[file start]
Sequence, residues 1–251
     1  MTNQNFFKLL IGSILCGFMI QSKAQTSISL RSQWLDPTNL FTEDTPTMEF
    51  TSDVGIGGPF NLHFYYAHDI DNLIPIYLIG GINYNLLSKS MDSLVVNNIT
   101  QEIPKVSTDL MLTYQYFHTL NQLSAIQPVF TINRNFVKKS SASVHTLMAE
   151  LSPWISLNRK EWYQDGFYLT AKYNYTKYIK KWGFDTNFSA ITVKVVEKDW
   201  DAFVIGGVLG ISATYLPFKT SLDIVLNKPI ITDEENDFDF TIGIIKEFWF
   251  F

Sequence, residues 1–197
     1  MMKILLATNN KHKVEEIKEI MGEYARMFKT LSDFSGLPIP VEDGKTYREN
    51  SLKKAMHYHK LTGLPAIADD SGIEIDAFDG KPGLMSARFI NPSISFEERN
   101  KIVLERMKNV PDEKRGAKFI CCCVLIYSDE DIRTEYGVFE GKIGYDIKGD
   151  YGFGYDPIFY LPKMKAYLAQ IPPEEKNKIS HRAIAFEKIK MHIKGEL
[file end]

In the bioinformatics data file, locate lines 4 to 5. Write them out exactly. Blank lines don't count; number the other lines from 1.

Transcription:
   101  QEIPKVSTDL MLTYQYFHTL NQLSAIQPVF TINRNFVKKS SASVHTLMAE
   151  LSPWISLNRK EWYQDGFYLT AKYNYTKYIK KWGFDTNFSA ITVKVVEKDW